Tuesday, November 26, 2013

'Ominous Realities' Release Date

On December 10th, Grey Matter Press will be releasing a new anthology of horror, sci-fi, and speculative fiction called Ominous Realities.  It'll feature my story 'Born Bad,' which I just realized was written a year ago almost to the day.

As usual, the e-book will be available first, and hopefully the trade paperback will be out in time for Christmas.  If there's someone in your life who enjoys weird fiction, grab a copy for a stocking-stuffer.  Also, if you have an obnoxious conservative relative, get one for them too.  You probably won't have to deal with them again next year.

Tuesday, November 19, 2013

...our lady's selling tissues for the tears, for all the years of blessed rape in the name of our sweet lord...


There was a two year period during college when I was completely obsessed with The Legendary Pink Dots.  I devoured every single album of theirs I could get my hands on, and even once took a road-trip to DC to interview them for a Canadian music magazine.  On a certain kind of day and in a certain state of mind, they still do something really good for me.

This has always been one of my favorite Dots songs.  I have no idea how Edward Ka-spel interprets it, but to me it's always felt like a hymn sung by a space cult.  Also, it's about five times heavier live.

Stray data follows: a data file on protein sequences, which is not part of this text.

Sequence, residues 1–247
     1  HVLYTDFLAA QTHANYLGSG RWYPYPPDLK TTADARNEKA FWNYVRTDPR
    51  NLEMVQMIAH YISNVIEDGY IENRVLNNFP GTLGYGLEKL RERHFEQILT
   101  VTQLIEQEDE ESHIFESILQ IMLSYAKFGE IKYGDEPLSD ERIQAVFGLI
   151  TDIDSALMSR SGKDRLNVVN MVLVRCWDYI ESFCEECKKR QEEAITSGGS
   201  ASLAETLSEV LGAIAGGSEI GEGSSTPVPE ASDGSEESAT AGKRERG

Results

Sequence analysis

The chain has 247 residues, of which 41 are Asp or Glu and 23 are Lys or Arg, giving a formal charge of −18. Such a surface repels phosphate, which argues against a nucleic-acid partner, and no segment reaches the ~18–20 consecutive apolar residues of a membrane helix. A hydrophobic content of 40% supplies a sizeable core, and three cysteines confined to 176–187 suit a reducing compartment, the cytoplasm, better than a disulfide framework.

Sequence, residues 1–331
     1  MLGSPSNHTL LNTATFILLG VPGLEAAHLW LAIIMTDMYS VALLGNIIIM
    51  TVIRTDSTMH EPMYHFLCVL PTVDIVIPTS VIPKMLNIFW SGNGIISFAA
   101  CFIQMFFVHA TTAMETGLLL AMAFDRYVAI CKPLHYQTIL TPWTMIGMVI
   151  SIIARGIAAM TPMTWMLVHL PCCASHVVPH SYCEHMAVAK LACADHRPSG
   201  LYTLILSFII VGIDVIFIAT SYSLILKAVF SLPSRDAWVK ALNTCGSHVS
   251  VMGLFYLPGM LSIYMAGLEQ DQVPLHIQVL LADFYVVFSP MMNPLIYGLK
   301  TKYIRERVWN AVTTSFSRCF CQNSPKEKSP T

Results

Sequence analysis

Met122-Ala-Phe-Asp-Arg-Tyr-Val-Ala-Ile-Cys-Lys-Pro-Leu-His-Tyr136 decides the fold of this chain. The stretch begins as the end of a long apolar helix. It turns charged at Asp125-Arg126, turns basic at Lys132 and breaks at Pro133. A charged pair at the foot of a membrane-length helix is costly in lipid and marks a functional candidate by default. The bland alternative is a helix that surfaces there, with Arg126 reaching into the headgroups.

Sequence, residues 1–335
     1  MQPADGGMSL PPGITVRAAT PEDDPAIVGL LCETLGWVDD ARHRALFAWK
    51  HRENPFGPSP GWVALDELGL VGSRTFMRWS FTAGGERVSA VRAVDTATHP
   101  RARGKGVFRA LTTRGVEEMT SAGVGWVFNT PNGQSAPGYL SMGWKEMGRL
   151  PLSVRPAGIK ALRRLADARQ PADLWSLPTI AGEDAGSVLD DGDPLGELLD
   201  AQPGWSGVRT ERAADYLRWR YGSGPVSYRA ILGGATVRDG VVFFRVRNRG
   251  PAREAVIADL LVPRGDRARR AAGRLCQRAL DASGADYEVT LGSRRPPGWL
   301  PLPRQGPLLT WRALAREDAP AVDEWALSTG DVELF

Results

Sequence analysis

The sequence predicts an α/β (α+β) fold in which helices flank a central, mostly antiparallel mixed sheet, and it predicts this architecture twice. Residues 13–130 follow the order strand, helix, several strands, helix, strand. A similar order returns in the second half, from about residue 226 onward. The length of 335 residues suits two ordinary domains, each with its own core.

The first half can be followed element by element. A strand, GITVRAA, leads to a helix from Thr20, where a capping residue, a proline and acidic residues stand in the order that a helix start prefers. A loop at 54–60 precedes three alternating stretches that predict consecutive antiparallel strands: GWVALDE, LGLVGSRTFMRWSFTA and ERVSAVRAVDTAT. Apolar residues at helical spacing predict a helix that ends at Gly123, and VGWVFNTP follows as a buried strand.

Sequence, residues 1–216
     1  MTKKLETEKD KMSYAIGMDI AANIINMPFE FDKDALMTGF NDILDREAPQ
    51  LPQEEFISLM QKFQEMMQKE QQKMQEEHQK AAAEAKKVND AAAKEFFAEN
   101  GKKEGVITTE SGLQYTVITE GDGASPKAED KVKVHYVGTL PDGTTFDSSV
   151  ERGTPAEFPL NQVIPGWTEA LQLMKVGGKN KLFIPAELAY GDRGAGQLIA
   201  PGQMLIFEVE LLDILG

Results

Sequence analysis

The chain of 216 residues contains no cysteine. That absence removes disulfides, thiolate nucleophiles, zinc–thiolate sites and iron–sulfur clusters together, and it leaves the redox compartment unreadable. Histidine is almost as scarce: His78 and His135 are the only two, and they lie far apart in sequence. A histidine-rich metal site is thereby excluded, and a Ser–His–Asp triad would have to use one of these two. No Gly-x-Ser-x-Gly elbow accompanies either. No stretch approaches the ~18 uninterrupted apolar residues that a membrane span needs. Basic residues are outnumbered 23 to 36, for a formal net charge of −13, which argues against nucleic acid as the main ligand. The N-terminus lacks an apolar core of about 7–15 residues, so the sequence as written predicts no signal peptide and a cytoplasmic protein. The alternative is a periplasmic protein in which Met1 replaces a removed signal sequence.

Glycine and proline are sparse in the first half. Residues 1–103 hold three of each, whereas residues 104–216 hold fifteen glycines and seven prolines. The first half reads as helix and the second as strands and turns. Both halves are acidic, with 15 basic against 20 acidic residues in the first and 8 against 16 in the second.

Friday, November 15, 2013


ARES is a new sci-fi and fantasy magazine due to launch sometime early next year.  The print edition is going to contain 96 pages of fiction and such, and each issue will come with a stand-alone board game.  My surreal psi-fi story 'The Secret Life of the Goldleaf Hotel' has been accepted, but they're not yet sure if it'll be featured in the first or second issue.  This is shaping up to look like one of the cooler projects I've been involved in.  Further details as they come.

Wednesday, November 13, 2013

Dark Visions vol. 1 Out in Paperback!!!!

I'm very happy to announce that Dark Visions vol. 1 is finally out in paperback!  Ignore the notice that they're "temporarily out of stock," because that's a total lie.  They're there, and waiting to be read.

DV1 contains my story 'The Troll,' which is sort of a mash-up of Donnie Darko, Stephen King's IT, and Ray Bradbury's Something Wicked This Way Comes.  The idea for it came to me last year while I was walking my dog along the Tiber river.  As we passed under a bridge, I had an image of a young boy sitting under a bridge, having a conversation with a strange magician with malicious intentions.  I went home and started writing.  A year later, here we are.

Go grab a copy, and if you're so inclined, drop by here and tell me what you think.

BTW, if for some reason you don't want to shop at Amazon, it's also available at Barnes & Noble.

Monday, November 11, 2013

Born Bad

My story 'Born Bad' will soon be released as part of a speculative fiction anthology called Ominous Realities.  Last night I sent the edited manuscript to the publisher.  They'd sent me a few notes, most of which concerned areas they thought could deal with a little expansion.  As a result it's now a tighter piece with a firm resolution.